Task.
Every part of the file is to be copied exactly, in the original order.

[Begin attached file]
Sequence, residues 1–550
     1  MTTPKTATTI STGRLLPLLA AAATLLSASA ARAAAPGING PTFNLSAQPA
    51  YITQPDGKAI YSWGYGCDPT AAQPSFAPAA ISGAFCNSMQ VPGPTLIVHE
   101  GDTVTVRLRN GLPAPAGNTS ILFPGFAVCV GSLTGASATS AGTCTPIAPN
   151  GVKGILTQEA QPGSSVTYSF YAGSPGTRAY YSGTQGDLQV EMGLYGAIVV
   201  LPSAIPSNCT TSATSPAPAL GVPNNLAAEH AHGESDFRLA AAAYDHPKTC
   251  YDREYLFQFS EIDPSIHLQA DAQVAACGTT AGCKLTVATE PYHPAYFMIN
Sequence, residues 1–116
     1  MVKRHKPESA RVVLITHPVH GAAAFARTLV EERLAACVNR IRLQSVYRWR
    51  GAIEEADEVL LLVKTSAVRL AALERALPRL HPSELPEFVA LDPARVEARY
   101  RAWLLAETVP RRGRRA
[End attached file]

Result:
Sequence, residues 1–550
     1  MTTPKTATTI STGRLLPLLA AAATLLSASA ARAAAPGING PTFNLSAQPA
    51  YITQPDGKAI YSWGYGCDPT AAQPSFAPAA ISGAFCNSMQ VPGPTLIVHE
   101  GDTVTVRLRN GLPAPAGNTS ILFPGFAVCV GSLTGASATS AGTCTPIAPN
   151  GVKGILTQEA QPGSSVTYSF YAGSPGTRAY YSGTQGDLQV EMGLYGAIVV
   201  LPSAIPSNCT TSATSPAPAL GVPNNLAAEH AHGESDFRLA AAAYDHPKTC
   251  YDREYLFQFS EIDPSIHLQA DAQVAACGTT AGCKLTVATE PYHPAYFMIN
Sequence, residues 1–116
     1  MVKRHKPESA RVVLITHPVH GAAAFARTLV EERLAACVNR IRLQSVYRWR
    51  GAIEEADEVL LLVKTSAVRL AALERALPRL HPSELPEFVA LDPARVEARY
   101  RAWLLAETVP RRGRRA